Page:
Thing is, the other MPs have managed to understand that for all that Johnson was a massive steaming turd and about as estranged from the truth as Trump, he at least won an election (granted, against Corbyn, but still).
Truss, on the other hand, might well have made the party unelectable except in the true blue heartlands and by the rich.

The problem is, Truss and Alphabet-Spaghetti-whatever-the-hell-his-name-is now have exactly zero credibility. Just as she was inclined to make U-turns in the hustings depending on how the wind was blowing, she and her Number Eleven have done massive damage to themselves, to the party, and to the country.......and they're both barely a week into the job.

No mandate, no credibility, no solution, no hope. That that have both not offered their resignation is an anomaly. This is a fall-on-your-sword level cock-up. I'm rather surprised everybody else hasn't called for a Vote of No Confidence in this government, but maybe they're just being patient knowing that the next election isn't so far away now, and with Truss in charge, she can only cause Labour's lead to increase.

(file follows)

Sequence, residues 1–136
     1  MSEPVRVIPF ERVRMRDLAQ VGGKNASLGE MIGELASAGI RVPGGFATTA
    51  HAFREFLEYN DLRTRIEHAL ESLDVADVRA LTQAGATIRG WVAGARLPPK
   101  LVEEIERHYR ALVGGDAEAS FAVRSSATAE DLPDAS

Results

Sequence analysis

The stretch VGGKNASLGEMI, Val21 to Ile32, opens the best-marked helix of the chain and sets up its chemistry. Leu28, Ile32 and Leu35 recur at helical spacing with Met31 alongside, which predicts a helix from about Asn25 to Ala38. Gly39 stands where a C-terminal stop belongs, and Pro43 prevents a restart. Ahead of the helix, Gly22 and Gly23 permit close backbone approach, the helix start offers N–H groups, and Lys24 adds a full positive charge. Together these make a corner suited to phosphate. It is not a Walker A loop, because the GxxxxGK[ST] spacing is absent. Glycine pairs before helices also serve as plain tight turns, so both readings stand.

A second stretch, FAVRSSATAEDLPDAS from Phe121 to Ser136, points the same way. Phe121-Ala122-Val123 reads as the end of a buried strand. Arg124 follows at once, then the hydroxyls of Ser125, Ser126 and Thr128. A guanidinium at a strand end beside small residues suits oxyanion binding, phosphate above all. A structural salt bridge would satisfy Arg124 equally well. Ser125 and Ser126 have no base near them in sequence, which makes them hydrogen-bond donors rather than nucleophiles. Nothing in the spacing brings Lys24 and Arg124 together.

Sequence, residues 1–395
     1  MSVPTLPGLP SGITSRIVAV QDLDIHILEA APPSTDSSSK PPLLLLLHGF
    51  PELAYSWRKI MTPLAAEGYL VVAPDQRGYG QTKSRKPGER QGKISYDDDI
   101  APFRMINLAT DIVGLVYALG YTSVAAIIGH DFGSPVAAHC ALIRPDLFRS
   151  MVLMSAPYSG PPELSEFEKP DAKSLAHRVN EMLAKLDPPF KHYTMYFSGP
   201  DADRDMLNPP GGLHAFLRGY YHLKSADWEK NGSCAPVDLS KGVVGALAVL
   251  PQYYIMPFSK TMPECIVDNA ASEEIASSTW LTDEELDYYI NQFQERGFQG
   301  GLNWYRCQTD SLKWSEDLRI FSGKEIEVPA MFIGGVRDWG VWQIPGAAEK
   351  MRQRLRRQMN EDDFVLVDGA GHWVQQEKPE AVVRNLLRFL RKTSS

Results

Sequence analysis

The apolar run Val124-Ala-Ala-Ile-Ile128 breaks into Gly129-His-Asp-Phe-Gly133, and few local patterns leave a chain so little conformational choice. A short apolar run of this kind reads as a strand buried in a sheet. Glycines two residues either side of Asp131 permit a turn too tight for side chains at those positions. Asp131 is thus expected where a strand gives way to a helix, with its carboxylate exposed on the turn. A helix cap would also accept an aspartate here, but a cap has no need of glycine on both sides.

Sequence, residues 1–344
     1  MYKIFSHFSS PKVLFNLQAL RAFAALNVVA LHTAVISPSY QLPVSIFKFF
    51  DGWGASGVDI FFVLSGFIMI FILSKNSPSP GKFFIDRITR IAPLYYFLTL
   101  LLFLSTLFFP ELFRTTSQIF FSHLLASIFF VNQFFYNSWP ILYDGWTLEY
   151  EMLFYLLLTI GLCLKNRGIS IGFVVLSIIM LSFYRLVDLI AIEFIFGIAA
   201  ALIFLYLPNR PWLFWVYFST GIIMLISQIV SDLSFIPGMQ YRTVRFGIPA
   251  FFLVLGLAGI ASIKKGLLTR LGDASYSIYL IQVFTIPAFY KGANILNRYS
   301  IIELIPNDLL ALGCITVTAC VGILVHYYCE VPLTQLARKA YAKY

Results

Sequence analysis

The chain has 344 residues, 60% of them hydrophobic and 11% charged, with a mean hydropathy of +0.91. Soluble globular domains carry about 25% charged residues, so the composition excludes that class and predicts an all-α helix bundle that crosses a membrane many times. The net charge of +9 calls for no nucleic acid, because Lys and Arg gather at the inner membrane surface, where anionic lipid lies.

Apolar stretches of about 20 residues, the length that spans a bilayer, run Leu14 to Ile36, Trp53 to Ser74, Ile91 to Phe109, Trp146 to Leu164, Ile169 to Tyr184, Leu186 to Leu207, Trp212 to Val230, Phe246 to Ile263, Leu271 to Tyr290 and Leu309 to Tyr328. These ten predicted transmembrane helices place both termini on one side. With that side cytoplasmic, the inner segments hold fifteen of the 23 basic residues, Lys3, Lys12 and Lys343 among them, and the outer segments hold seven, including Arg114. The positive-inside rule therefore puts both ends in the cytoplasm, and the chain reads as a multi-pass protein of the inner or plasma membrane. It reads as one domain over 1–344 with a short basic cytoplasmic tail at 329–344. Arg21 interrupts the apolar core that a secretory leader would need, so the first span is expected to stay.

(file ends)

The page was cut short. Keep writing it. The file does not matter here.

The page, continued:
Money for the rich

Oh, and don't think that 45p rate has gone away. It's obviously something that the wealthy party donors have been wanting. We can probably expect some modification of it to turn up somewhere weird, hoping that nobody will notice. Like a long and tedious pile of legalese describing what constitutes a "hot dog", with the following appendices:
  • Appendix 1 - permitted colours of hot dogs
  • Appendix 2 - minimum and maximum sizes of regular hot dogs